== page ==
579 Views 9 Replies Latest reply: Dec 4, 2005 10:18 PM by Buegie
Reformating and reimaging the PC will erase everything...including any music files on the PC. Backup you systemwide data (not just the music).
You can Use iTunes for Backing up your Music.
It works fine for music files BUT: I prefer more control and completeness over my backup process, and it is also important to note that a large limitation of using iTunes to manage the backup is that the iTunes method does not maintain the two meta-data files (iTunes Library.itl & iTunes Music Library.xml) where your Playlists, Ratings, Play Counts, etc. are stored. See: What are the iTunes Library files?
If you are heavily invested in your Library data (Playlists, Play Counts, Ratings, Last Played, Date Added, etc.), then:
it is critical that you also make multiple backups of your ‘iTunes Library.itl’ file.
If your music is located under one common Folder (e.g.-‘iTunes’), then it is easiest to physically copy that folder and all its sub-folders in one simple process. It can be done quickly, and incrementally – several times a day, when necessary. In the case of any data loss, just re-copy your entire (or partial) music library back to wherever it was, placing it in the main Folder that the previous iTunes expected. Along with the .ITL meta-data file, this completes a full ‘restore’ of your music to the time of your last backup.
Use of a backup software program will greatly help. It will allow you to easily perform incremental backups of only the files that have changed. WinXP has such a facility built-in. I use a free program called FileSync ( http://www.fileware.com ). There are many out there. Some use Zipped files or proprietary formats, others use standard file formats. I like FileSync as it uses normal file formats that can be viewed/managed via any Windows program or utility.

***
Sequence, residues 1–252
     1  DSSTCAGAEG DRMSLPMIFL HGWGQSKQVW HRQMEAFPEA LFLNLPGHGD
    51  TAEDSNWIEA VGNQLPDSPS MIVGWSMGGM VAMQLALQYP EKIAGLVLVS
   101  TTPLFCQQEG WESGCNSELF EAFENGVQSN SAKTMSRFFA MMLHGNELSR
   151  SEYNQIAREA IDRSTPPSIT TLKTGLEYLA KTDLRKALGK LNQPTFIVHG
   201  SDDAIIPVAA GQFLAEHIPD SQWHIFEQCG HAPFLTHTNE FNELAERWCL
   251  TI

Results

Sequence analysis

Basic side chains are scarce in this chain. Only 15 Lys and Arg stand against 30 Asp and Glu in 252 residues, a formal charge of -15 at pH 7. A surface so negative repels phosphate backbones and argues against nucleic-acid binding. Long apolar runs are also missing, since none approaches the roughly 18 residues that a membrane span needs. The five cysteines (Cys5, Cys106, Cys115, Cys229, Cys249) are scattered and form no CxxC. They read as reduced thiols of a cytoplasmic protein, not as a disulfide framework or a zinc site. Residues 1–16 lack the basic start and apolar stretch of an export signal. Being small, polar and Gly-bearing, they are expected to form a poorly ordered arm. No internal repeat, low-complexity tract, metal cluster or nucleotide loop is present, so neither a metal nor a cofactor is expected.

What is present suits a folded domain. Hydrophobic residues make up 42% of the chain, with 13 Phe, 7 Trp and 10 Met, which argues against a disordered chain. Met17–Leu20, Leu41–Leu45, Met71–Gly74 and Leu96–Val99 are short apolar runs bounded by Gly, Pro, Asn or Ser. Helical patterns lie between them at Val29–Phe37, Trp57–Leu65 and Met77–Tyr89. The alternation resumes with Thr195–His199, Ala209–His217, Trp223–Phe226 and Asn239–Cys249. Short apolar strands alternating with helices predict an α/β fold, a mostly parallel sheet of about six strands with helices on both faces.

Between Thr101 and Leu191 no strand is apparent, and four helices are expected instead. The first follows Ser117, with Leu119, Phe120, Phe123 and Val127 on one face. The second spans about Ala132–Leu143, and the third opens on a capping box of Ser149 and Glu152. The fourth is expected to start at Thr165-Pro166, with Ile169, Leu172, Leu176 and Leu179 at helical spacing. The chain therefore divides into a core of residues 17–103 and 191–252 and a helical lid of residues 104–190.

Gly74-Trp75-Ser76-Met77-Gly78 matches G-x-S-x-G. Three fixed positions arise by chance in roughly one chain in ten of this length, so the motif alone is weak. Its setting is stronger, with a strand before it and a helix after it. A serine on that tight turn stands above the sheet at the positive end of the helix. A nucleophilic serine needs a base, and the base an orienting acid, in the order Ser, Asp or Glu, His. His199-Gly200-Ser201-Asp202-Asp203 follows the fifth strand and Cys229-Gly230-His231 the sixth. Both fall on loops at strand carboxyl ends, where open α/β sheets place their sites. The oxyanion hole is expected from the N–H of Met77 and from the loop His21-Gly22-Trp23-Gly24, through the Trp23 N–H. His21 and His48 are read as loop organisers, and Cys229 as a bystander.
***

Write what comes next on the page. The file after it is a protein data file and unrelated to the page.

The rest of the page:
Here's a list of possible ways to copy your music files from your main iTunes computer to another storage medium for backup purposes.
1) Use an External Hard Drive to store the complete iTunes meta-data files and underlying Music Folder structure and songs from your main computer. They are quite cheap now, for their storage volume. This is my preferred main medium.
2) If you have two computers:
2a) Connect them through a router
2b) Connect them using a Direct (w/Mac) or Crossover (PC/PC) Ethernet cable (See: http://www.ifelix.co.uk/tech/3001.html)
2c) Connect them via a USB-to-USB Network Bridge. See: here as an example.
Copy the files and folders from one computer to the other. Use the second PC as your backup repository.
3) Burn several DVDs (at 4.7+ GBs each) with the music data files and store them safely. Re-writable ones are good for backup purposes (if your DVD drive can manage these).
4) Burn 6x more on CDs (at 700MB each) than in #3 above and store them safely in more space Re-writable ones are good for backup purposes (if your CD drive can manage these).
5) Use a larger USB Flash drive (1GB - 4GB) to store the files only if you have a small amount ripped music or have multiple and/or jumbo USB drives at your disposal that will fit your music library.
6) Use the second internal hard drive (if available) of your PC -- not optimum, as you really want to physically separate the storage of backups from the originals, but good as a tertiary storage device.
By keeping only one copy of your music (other than on the iPod), you are not truly 'backed-up' and are running a high risk of losing your music. Music files on just the iPod and the computer is not considered having any backup. If you cannot store your complete music files on the computer, then create and maintain two external sets.
You need at least three sets of your music:
-- One full set on the PC within iTunes (on internal HD or ExHD)
-- One full set on an separate external backup medium (CD/DVD/ExHD/other)
-- One (full or partial) set on the iPod
It is a good policy to backup all your important data. It is a very smart policy to back it up on more than one medium.
External hard drives now run less than $100 for 200-250GBs of storage. Very cheap backup insurance, indeed. See: http://dealnews.com/categories/Computer/Storage/Hard-Drives/USB-Hard-Drives/254. html